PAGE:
Climate change affects Earth's subsystems in different ways, and these effects are predicted to worsen as atmospheric greenhouse gas concentrations continue to rise.


Figure 1: Some of the effects of climate change

Rising global temperature
The initial effect of climate change is an increase in global temperatures due to the greenhouse effect. Since the pre-industrial era, the average global temperature has increased by around 2 °F (1 °C). This may not sound like much, but small temperature changes can greatly impact the environment through biodiversity loss, rising sea levels, and altered weather patterns.

Cryosphere degradation
In recent decades, the melting of glaciers, ice caps, and ice sheets has accelerated. This has resulted in rising sea levels, loss of habitats, and reduced species populations particularly in polar regions. The loss of ice also decreases the surface reflectivity (albedo), meaning less radiation is reflected and is instead absorbed. This creates a feedback loop that further contributes to warming the planet.

Rising sea levels
In the last 20 years, the sea level has risen by approximately 9 cm, and the rate has accelerated over recent decades. This is partly due to the melting of the cryosphere. The other main driver is rising sea temperatures, as warmer temperatures cause seawater to expand.

Ocean Acidification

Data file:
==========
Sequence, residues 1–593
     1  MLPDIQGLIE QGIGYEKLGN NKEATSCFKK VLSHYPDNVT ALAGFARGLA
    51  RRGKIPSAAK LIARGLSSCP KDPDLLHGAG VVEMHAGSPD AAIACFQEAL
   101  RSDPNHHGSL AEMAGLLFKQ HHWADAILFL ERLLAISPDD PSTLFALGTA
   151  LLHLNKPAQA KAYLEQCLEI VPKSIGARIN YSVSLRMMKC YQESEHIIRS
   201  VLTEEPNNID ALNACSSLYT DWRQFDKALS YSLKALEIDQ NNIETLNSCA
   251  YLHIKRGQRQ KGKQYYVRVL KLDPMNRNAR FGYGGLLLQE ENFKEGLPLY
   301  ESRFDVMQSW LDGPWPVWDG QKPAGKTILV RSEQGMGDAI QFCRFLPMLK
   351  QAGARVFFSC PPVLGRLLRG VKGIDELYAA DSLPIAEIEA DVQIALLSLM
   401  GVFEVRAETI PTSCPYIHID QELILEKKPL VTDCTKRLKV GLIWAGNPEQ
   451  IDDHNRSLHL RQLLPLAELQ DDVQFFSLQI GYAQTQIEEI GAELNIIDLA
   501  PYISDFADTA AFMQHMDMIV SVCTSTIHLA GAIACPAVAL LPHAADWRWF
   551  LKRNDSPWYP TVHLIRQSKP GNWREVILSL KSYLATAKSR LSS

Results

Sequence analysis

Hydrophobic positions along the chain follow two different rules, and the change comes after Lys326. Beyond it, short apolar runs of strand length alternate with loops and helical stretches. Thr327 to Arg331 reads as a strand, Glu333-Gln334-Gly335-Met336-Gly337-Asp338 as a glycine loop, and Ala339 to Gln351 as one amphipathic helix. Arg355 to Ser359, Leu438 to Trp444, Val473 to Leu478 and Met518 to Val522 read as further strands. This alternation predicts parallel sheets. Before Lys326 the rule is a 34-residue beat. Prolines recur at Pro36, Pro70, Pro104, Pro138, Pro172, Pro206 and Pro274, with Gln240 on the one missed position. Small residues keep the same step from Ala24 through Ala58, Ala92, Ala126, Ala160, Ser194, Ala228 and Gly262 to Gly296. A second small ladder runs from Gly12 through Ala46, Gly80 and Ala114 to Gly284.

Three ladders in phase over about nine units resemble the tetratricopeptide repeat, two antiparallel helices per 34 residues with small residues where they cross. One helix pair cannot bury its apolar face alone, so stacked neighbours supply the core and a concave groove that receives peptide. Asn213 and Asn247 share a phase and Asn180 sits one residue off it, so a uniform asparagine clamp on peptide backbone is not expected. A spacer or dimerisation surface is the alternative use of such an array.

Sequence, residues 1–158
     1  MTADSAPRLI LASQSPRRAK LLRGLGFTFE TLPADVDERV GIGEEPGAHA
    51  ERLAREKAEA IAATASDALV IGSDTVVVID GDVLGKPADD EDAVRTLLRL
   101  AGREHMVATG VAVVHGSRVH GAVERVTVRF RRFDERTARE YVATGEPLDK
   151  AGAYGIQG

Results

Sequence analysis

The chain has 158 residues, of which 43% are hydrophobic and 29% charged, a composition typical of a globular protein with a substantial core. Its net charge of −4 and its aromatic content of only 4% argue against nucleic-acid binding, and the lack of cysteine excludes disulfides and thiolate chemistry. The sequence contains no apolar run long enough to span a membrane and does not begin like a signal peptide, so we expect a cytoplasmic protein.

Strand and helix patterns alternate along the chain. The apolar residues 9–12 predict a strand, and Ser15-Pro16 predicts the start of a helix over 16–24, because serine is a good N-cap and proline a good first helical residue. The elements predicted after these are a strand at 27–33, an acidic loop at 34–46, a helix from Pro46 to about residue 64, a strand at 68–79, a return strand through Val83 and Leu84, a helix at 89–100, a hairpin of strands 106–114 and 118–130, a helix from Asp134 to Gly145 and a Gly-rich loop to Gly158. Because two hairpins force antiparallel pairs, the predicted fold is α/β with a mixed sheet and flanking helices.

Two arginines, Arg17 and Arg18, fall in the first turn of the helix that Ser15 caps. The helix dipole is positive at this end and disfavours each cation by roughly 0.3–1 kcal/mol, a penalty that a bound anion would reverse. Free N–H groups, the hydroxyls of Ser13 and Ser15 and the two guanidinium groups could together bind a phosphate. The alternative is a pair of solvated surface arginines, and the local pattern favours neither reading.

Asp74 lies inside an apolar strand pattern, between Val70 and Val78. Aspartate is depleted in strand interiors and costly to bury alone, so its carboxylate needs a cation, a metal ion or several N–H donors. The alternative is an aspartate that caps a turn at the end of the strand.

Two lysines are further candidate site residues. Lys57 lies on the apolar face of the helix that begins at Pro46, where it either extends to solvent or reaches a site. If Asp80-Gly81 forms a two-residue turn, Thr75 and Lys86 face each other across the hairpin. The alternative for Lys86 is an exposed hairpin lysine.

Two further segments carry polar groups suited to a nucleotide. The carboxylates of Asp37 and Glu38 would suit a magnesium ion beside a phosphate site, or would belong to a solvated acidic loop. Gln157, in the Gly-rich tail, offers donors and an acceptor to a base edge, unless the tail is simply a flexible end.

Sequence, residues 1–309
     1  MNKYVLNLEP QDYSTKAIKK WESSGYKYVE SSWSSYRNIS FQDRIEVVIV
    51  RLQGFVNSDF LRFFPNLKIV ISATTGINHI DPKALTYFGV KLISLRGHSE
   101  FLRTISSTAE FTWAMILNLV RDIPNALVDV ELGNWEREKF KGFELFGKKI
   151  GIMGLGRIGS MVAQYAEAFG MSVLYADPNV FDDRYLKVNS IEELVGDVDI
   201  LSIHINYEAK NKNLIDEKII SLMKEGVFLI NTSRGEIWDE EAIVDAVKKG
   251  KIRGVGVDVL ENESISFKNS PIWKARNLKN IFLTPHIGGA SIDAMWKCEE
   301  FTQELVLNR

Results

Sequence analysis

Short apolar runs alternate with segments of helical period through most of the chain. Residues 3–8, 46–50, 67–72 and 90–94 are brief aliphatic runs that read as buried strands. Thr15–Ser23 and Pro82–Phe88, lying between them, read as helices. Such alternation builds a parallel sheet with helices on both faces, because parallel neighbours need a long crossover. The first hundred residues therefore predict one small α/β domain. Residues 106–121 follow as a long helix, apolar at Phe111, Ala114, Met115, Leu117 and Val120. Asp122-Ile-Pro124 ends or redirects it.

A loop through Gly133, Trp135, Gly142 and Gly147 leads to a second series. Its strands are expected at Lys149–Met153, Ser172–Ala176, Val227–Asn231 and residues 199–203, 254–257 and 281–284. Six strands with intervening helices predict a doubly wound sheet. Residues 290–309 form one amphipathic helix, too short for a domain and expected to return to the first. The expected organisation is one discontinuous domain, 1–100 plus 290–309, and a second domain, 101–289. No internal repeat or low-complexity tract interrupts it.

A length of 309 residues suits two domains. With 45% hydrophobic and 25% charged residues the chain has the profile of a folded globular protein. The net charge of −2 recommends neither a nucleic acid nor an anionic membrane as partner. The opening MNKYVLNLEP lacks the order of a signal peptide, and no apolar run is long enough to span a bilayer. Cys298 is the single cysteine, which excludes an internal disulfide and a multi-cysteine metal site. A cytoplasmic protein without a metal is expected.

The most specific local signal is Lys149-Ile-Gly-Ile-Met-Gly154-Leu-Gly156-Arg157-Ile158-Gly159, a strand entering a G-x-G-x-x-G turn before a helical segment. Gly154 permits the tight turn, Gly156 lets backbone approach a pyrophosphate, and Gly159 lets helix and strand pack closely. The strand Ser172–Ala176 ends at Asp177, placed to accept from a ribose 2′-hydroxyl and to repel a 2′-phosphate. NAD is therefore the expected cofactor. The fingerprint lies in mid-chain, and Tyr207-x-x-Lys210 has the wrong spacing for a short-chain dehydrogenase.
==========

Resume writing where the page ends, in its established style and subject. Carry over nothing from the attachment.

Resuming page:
Oceans are the Earth’s largest carbon store, as atmospheric CO2 levels increase the oceans absorb more CO2. However, too much CO2 decreases the ocean’s pH and leads to ocean acidification. This can have devastating effects on marine ecosystems and biodiversity, as some marine life cannot tolerate even minor pH fluctuations.

Extreme weather shifts
Rising sea levels and global temperatures affect atmospheric pressure, which influences local climates and can cause severe storms, rainfall, and droughts. Unstable weather patterns can severely impact habitats, ecosystems, and an area’s agricultural potential. In severe cases, extreme weather can make land inhabitable.

Loss of Biodiversity
All of the above effects can affect biodiversity. Species may be lost due to their habitats becoming too hot, acidic, drought-prone, or flooded. Loss of key species (such as primary food sources) can have devastating effects on ecosystems. For example, if an area becomes too drought-prone for many plant species, the herbivores will not have enough food, which will have further knock-on effects throughout the food chain. This can also impact human fish stocks, affecting the livelihoods of many people.